ACFWAgents, Authors and writing, Distraction, Encouragement, Faith, Fellowship, writing 3 Comments

by Angela Hunt

Hello, ACFW!  I hope you’re enjoying your summer and planning for the conference coming up in September. It’s going to be a great time!

Anna Quindlen once wrote an insightful column for Newsweek. She wrote about solitude and explained that though she loves her family, she also loves time alone:

“I like solitude. I can spend days happily alone, eating Raisin Bran for dinner on the porch instead of bothering with a starch, a stove, and a napkin. Eldest of five, mother of three, veteran of noisy newsrooms: it is any wonder that I like the sound of silence? It has a good beat, and you can dance to it.”

“If you like to be by yourself, there’s the assumption that you’re antisocial, antifamily, a month away from becoming that old woman down the street with the weedy yard and the decrepit house, or the Unabomber . . . People covertly embrace faux solitude, the places in which they can be alone among others: the plane, the car, the pew.

“Lack of solitude is probably why most political figures are slightly deranged. Between the aides, the staff, and the Secret Service, the president is never, ever alone, and senators ricochet from meeting to charity lunch to meeting to fund-raising dinner to yet another meeting. Every once in a while I have a day like that, and at the end of it I have not had a single coherent thought. It’s like mosquitoes buzzing around your ears while you’re trying to sleep. You can’t dream through the din.

“I can be the life of the party when necessary, but sometimes I just need to hear myself think. After all, if we can’t hear ourselves thinking, is any thinking truly going on?”

I love what Anna said. I also love teaching at writers’ conferences and helping bring up the next generation of writers. But by the time I get home from a conference, I’m ready to talk about anything but writing. Every day I’m grateful that my husband isn’t involved in publishing.

I also love solitude. I have a mountain of books to read, scores of plots rattling around in my head, and there is always something to do around the house. I could happily live alone (with a dog or two) in the middle of the woods, with only short runs into town to assure myself that I’m fit for human company. Through the magic of the Internet, my friends are a few keystrokes away.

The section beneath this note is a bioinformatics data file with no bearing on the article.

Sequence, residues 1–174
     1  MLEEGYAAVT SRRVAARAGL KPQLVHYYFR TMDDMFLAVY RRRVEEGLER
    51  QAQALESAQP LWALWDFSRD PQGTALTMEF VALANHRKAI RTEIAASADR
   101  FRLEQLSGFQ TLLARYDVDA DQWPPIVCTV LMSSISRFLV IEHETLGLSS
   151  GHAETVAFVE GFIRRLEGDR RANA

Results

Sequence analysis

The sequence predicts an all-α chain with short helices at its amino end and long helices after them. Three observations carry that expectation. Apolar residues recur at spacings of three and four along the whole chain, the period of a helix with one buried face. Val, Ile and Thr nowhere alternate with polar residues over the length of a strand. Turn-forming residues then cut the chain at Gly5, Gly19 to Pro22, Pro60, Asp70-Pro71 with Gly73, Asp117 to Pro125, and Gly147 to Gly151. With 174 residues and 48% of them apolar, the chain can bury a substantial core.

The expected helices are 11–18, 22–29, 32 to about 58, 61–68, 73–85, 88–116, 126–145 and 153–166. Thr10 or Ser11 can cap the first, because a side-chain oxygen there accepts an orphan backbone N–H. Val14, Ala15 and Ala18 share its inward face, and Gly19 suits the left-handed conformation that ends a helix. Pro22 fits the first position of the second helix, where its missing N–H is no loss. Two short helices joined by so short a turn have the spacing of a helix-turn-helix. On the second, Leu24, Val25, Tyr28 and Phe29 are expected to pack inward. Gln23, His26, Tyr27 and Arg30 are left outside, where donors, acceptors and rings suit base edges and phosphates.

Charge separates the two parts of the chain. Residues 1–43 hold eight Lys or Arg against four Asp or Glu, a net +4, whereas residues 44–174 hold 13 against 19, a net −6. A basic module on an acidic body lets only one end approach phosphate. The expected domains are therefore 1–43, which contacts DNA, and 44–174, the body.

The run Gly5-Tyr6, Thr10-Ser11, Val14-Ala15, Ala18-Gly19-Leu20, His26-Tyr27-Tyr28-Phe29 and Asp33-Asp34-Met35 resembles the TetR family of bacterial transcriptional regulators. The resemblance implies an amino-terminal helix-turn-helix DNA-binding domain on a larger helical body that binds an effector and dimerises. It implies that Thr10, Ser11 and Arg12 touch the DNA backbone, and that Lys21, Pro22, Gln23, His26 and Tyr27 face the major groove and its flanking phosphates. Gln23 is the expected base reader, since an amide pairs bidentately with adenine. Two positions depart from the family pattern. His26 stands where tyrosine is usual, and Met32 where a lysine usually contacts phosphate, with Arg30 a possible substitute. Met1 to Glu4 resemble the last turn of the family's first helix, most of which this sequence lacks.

But God has also called me (and you) to live and worship in family and community. And this is a good thing, because it is in rubbing up against others that we wear off our own rough edges. It’s in family and communal living that we shake the egoism out of solitude and learn that we’re not the center of the universe.

Anna makes a strong point about needing silence to think—and writers need to think, perhaps more than most people. Silence is a spiritual discipline we often forget to practice in the hustle and bustle of daily life. Because we’re not listening, I wonder how many times we don’t hear God speak?

So take some time to practice silence today. Get alone, get quiet, and . . . listen. What do you hear?

Angie Hunt lives and writes in sunny Florida, with her three dogs, lots of chickens, and her youth pastor husband. Her free monthly newsletter for writers can be found at

Comments 3

  1. Thanks for the great article on solitude. As a writer, I spend so much time alone and sometimes feel my best when it’s just me and the computer, dealing with characters, plots, twists and turns in my books. Then my grandkids show up and take what was already a pretty great day and make it lighter, more fun and certainly more interesting. My wife does much the same for me when she pops into my little office and sees my eyes drooping and the tiredness in my face. I give thanks to God for the reminders that solitude is necessary in life, especially when we take the time to be with Him. I also thank him for all the two-legged reminders in my life, that life is best when faith, family and laughter are shared. Thanks, again!

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